Continuous Quotation System - Explained
What is a Continuous Quotation System?
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Table of ContentsWhat is a Continuous Quotation System?How Does a Continuous Quotation System Work?Trading Mechanisms: Quote DrivenTrading Mechanisms: Order DrivenDisadvantages of the Order Driven marketTrading Mechanisms: Order TypesTrading Mechanisms: Order TimingAcademic Research on Continuous Quotation System
What is a Continuous Quotation System?
A continuous quotation system is defined as a securities trading system which when orders are placed, creates room for transactions and market makers. Securities are investment instruments that provide evidence of debt or equity other than the insurance policy or fixed annuities issued by a company, the government or other entities. Market makers are brokerage or financial institutions that maintain an offer to the firm and request prices at a certain location, prepared to buy or sell at publicly quoted rates (called market making). Individual shares liquidity which can be used for a majority of exchanges globally is provided by this system.
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How Does a Continuous Quotation System Work?
Irrespective of the market type, the detailed organization and implementation behind assets and securities trading can be referred to as trading mechanisms. The various market types could range from exchanges or dealers to OTC markets. The process of connecting buyers and sellers of an asset are all part of the mechanism. Although there are several types of trading mechanisms, there are two primary types of trading mechanisms namely:
- Order driven markets
- Quote driven markets
The device or database behind a trading process powered through an order book is the order book. This book lists all purchasers and sellers and their expected offers and demands.
Trading Mechanisms: Quote Driven
Continuous prices which have been provided by the market makers are always given to buyers and sellers that have been connected in a quote driven market. This implies that OTC or dealer markets will be the most suited for this mechanism type. The price provided by the market makers is the price a dealer is willing to sell in the buyers perspective while the given price is the amount the dealer is buying from the sellers perspective. All things being equal, the selling price will be higher than the specified buying price. The amount of profit made by the market maker and the dealer is known as the spread.
Trading Mechanisms: Order Driven
Buyers and sellers of assets will order products that they want to buy or sell in an order-driven market. The orders placed are immediately executed at the best price which is available once the assets have been listed at market price. If this method doesn't want to be used, a fixed or limit price can be indicated so that a limit or stop order can be initiated, making sure certain conditions have been met before the market order is executed. Order driven trading mechanisms are best to be used for exchanges because in respect to the listed price, there is an unavailability of counterparties; and the orders will be executed immediately a buyer or seller finds a counterparty.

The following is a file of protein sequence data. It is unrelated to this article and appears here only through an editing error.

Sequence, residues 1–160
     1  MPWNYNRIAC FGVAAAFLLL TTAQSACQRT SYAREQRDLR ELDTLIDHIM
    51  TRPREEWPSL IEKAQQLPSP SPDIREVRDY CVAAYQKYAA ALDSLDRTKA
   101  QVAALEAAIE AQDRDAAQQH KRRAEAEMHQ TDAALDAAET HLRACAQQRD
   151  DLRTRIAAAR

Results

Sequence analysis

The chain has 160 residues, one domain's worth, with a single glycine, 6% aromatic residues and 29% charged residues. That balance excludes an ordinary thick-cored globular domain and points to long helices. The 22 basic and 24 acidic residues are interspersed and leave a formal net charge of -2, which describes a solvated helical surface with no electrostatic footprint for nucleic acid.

Disadvantages of the Order Driven market
It can be seen from the definition of the order-driven market mechanism that there will be lower liquidity in this mechanism style as compared to the quote driven market. In as much as the dealer is willing to accept the slightly raised premiums of a quoted price, the market maker will always be present to buy or sell in a quote driven market. When buyers are not ready to accept prices listed by sellers in an order-driven market, trade can stop abruptly, meanwhile, the unwillingness of buyers to accept quoted prices in a quote driven market doesn't affect trade. Assets such as options, bonds etc which are naturally liquid and traded frequently are the best suited for order-driven markets because of its automated matching system.
Trading Mechanisms: Order Types
There are a majority of order types which can be taken advantage of by a trader when operating in an order-driven market. Trade orders refer to various types of orders placed on exchange for financial assets, for instance stocks or futures contracts. The order-driven trading style matches the order requirements for buyers and sellers. That is, a buyer with a purchase price that corresponds to a seller's sales price corresponds to an executed transaction. The various types of trade orders allow traders to make their trade more flexible and unique. These are the most common forms of trade orders:
- Market order
- Limit order
- Stop-loss order
Trading Mechanisms: Order Timing
The timing of a trade order (Trade order timing) allows customers to determine the time that a trade order is suitable for. For instance, orders may remain forever until they are executed, only last a day, or last for a certain duration. The various types of time frames of the trade order have various advantages and disadvantages, alongside the various strategies that an investor may have or wish to use. The most common forms of trade order timing according to the time order in which they will execute are as follows:
- Market Order (Immediate)
- Fill or Kill
- Good Today (otherwise referred to as Good Until Close of Day Order)
- Good Until Specified Time or Date
- Good Until Cancelled (GTC)